Heightened enforcement over Thanksgiving weekend
WORTHINGTON -- Last year during the Thanksgiving travel period, 16 motorists were killed and 1,834 arrested for driving while impaired. Of the 16 deaths, six were alcohol-related and seven were unbelted occupants, according to the Minnesota Department of Public Safety.
Added servings of DWI enforcement will be dished out this year during Thanksgiving -- historically one of the year's deadliest holiday travel times.
Extra enforcement will begin tonight and continue through the weekend.
"We want to remind drivers of the hazards of holiday driving," said Minnesota State Patrol Captain Brian West. "Troopers want to make your safety a priority during this time."
The MSP and partnering local law enforcement agencies will increase their presence on the road with the intent to identify and apprehend impaired drivers before they can seriously injure or kill other motorists.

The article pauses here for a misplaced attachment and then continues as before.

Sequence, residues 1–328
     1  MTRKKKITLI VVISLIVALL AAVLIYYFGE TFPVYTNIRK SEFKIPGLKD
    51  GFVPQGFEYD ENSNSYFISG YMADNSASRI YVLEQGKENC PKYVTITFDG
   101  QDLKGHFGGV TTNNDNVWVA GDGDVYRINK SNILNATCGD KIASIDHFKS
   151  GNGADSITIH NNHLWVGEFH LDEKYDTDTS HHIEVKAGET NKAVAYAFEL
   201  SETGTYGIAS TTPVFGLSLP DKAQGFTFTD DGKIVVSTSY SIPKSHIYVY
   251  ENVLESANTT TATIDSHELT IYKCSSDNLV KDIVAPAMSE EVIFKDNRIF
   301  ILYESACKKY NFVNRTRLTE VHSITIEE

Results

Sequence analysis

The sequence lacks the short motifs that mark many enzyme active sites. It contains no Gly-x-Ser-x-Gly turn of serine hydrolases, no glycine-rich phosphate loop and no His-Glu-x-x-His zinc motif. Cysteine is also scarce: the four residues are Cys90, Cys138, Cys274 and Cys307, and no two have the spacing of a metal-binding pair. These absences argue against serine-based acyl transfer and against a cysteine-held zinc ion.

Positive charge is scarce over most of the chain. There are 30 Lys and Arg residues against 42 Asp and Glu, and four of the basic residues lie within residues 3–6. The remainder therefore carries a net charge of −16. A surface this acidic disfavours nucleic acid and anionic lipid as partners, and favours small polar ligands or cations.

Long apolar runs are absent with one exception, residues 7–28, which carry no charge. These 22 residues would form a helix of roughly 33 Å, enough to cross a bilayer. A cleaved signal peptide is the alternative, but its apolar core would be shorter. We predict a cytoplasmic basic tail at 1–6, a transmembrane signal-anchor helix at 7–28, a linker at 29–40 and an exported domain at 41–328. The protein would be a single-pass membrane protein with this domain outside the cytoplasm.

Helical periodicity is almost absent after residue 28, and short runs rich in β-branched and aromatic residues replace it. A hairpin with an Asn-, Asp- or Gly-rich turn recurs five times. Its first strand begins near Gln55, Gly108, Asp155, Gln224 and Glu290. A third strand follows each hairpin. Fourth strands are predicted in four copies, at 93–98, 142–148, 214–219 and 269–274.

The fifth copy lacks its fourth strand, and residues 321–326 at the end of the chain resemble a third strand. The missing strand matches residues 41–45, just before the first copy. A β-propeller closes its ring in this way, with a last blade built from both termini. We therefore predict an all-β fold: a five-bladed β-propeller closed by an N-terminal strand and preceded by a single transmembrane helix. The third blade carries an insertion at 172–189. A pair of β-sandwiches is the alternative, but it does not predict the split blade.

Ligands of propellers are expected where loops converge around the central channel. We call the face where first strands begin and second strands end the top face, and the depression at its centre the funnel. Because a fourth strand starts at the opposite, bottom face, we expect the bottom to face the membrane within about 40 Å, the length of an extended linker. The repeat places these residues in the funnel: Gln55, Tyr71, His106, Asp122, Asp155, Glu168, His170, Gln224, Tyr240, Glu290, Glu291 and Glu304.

"Our goal is to reduce crashes and injuries," West said. "We will be addressing the most commonly occurring violations -- seatbelts, speed and impaired driving."
The DPS offers these simple tips to help ensure traffic safety: Buckle up, plan for enough travel time to avoid the urge to speed and plan for a safe and sober ride if drinking is planned. Pay attention, the DPS encourages, because Thanksgiving is one of the busiest travel periods.
The 2011 deaths to date includes drivers, passengers, motorcyclists, pedestrians and bicyclists.
"This demonstrates how deadly Minnesota roads can be, and these tragedies reinforce how vital it is to be focused behind the wheel and make safe, smart decisions," West said. "We want families intact on the Monday after Thanksgiving."
The DWI enforcement and education effort is a component of the state's Toward Zero Deaths (TZD) traffic safety program.
A primary vision of the TZD program is to create a safe driving culture in Minnesota in which motorists support a goal of zero road fatalities by practicing and promoting safe and smart driving behavior.
TZD focuses on the application of four strategic areas to reduce crashes -- education, enforcement, engineering ad emergency response trauma response.